The side pouches, clockwise from top left:
Pouch #1 - Eye tools such as different lash glues, scissors, pencil sharpener, and application tweezers.
Pouch #2 - Eye and Lip primers. I have so many different primers from Too Faced, Urban Decay, Lorac, and many more
Pouch #3 - Just my shadow shields right now
Pouch #4 Spray bottle containing water, small Skindinavia Primer Spray, and my RCMA Foundation Thinner
The zipper pouch on the top contains my Betty Dain styling cape
Miscellaneous small products that do not have a home yet.
Curling wand, comb, brush, bobby pins, and hair ties
I thought it was some sort of witchcraft when I saw others using this backpack as their kit, as someone with a large rolling case. When I was younger, I thought the bigger the better. But as you grow as an artist, you learn what you really need and what you do not. I ended up tossing a lot of products that I never used, and now can fit my entire makeup kit on my back. And another perk of this backpack is that it has cushions on the back, as well as on the inside of the straps, to ease the strain on your body. The little pillows act as a barrier against your back and shoulders for extra comfort when carrying it. This thing is just brilliant!
But what about the set bag that I was originally trying to replace? This contained all of my setting sprays, moisturizers, brush cleaners, makeup removers, hand sanitizers, brushes, disposables, etc. This was the main purpose of even buying the backpack, and I still wanted to put those in something a little smaller. So I took a look at the CRC website, knowing that we would have something perfect. I stumbled across the Japonesque Pro Set Bag, which I knew was just what I needed.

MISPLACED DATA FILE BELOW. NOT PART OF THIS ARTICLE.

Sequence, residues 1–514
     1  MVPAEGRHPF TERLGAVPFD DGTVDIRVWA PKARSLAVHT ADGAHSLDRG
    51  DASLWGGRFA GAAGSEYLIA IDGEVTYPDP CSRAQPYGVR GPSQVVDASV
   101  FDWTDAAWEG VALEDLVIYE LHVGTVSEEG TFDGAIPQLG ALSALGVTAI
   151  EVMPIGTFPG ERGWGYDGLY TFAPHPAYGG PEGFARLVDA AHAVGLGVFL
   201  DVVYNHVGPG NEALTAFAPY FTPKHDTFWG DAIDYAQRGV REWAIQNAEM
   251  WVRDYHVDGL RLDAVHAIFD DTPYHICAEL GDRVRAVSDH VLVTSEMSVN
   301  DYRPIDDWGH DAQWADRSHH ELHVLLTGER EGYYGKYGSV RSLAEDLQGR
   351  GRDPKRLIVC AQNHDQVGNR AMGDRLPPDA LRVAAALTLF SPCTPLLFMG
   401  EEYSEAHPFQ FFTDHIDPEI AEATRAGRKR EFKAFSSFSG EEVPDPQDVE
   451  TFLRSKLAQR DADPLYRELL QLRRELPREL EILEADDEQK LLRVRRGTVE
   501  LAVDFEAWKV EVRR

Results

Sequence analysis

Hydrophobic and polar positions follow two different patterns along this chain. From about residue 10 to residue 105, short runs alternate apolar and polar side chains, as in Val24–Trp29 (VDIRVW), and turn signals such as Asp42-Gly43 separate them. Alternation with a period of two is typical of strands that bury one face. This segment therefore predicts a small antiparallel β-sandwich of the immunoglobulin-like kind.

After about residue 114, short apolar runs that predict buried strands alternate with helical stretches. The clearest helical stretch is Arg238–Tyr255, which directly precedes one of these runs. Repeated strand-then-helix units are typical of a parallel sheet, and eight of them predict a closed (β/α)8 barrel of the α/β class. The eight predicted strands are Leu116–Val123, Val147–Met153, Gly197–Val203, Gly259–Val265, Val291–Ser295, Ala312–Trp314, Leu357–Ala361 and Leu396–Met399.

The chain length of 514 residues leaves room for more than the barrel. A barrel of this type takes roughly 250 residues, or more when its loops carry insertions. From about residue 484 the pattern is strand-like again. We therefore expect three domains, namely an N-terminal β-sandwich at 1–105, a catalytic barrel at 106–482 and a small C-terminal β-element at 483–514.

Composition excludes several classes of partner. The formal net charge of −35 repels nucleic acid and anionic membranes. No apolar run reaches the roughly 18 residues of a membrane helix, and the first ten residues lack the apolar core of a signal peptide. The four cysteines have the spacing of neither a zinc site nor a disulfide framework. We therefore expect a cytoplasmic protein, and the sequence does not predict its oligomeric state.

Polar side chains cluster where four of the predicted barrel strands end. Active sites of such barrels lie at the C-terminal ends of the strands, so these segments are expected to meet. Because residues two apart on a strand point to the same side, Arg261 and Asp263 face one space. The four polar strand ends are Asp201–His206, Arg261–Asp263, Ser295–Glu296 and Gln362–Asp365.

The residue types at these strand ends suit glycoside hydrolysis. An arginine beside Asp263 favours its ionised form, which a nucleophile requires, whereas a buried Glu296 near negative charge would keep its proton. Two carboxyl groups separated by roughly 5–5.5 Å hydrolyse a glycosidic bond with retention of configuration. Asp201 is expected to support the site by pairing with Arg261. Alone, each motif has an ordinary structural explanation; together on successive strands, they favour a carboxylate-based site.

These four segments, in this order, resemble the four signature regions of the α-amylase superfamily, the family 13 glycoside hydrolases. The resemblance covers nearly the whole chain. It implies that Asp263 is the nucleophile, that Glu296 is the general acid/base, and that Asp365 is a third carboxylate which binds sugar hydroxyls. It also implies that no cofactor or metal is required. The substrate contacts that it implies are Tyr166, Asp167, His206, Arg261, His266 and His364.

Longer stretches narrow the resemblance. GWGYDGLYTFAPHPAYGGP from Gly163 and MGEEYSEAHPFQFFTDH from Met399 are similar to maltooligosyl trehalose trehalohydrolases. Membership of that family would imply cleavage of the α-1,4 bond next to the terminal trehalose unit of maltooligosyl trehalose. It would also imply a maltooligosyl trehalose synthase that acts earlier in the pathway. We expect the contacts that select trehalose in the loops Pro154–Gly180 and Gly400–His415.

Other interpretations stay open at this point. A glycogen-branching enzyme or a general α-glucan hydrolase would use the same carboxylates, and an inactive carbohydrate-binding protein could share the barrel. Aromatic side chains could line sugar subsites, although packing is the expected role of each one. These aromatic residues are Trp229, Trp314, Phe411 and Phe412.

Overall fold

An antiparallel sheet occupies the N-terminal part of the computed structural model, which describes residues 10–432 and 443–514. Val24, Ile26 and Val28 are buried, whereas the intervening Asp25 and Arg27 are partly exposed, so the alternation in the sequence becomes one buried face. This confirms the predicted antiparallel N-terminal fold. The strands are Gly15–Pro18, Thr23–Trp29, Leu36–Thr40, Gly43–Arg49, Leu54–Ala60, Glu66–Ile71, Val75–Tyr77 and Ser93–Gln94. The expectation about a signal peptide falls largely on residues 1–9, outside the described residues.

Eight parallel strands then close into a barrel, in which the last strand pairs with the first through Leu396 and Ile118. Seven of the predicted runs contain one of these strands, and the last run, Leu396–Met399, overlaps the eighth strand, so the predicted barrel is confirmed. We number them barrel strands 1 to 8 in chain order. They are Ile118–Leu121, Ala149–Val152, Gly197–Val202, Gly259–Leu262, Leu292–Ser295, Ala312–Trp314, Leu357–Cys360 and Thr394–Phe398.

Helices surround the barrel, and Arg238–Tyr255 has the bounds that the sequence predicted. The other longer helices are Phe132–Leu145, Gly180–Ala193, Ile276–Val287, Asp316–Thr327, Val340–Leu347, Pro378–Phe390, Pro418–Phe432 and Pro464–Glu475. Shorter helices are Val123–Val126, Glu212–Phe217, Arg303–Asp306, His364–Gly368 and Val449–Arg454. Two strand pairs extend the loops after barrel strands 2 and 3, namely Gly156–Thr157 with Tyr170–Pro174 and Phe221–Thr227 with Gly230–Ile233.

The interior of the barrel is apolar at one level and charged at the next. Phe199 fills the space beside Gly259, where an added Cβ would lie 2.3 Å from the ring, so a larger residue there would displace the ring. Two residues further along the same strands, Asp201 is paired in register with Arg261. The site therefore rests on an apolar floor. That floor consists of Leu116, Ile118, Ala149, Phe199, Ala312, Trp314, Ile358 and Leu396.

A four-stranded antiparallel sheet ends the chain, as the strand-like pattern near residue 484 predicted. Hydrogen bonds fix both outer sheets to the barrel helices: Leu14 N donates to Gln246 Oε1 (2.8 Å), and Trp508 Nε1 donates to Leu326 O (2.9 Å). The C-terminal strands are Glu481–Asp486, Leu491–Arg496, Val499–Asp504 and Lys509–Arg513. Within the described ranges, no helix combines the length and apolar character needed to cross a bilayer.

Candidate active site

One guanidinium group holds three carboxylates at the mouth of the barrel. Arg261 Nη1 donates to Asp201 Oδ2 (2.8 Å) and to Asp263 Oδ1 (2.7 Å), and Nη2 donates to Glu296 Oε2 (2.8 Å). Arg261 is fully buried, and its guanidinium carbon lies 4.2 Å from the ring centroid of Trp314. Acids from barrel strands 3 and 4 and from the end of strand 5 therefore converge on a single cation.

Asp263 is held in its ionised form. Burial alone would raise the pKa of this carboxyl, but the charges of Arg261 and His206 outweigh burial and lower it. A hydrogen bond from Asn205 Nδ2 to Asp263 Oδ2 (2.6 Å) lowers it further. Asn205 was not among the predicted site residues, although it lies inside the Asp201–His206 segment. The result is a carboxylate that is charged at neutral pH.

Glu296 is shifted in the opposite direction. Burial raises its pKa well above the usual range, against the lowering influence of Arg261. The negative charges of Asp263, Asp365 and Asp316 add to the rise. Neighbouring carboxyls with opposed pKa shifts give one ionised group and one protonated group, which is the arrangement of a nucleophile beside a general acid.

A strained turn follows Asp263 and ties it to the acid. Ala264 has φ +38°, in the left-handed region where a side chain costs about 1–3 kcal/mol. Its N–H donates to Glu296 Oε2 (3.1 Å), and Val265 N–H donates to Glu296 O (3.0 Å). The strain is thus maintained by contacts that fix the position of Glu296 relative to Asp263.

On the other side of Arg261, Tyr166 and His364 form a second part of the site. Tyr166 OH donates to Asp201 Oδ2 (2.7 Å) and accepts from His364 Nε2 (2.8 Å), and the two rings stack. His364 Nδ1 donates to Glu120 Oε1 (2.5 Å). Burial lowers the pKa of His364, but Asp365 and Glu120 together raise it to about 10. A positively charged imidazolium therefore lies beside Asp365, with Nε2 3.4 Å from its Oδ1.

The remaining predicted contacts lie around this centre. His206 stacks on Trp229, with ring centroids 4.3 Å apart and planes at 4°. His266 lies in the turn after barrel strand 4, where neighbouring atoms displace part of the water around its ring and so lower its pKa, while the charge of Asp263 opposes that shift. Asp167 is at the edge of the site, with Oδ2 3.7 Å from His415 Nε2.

This bag is down right fantastic. The exterior (on the long sides) is lined with pouches that are just perfectly sized for all of the bottles that I mentioned above, and the short sides have wider pouches where I have my makeup remover wipes and wedge sponges.
The interior also has large pockets that line the longer sides, which right now are empty. The middle of the bag is big enough for all of my tools.
It holds my brush book, which is currently half empty from a recent film shoot
My other two travel cases from the set I purchased on Amazon (I love these things). One holds disposables such as sponges, cotton pads, mascara wands, q tips, etc. Also currently a little low and in need of restocking. The other holds misc prep tools like hand sanitizer, vaseline, moisturizers, creams, etc.
And last is my travel case of lipliners.
So I started out with my kit in a 3 foot tall aluminum rolling case, which was unbelievably heavy and felt like dragging an elephant, and a large makeshift set bag that was too big and didn't fit my needs. Now I have my kit condensed into a backpack, which is not only smaller but far easier to transport, and a set bag that is half the size but actually has more room because of the exterior pockets. Together they cost just under $175 on the CRC website, which is not much more than I originally paid for my large rolling case by itself. And I couldn't be happier with the change.
I hope this has been informative, whether you are just starting out or if you are like me and are looking for a downsize. If you have any questions or want more information, leave a comment below. And don't forget to subscribe!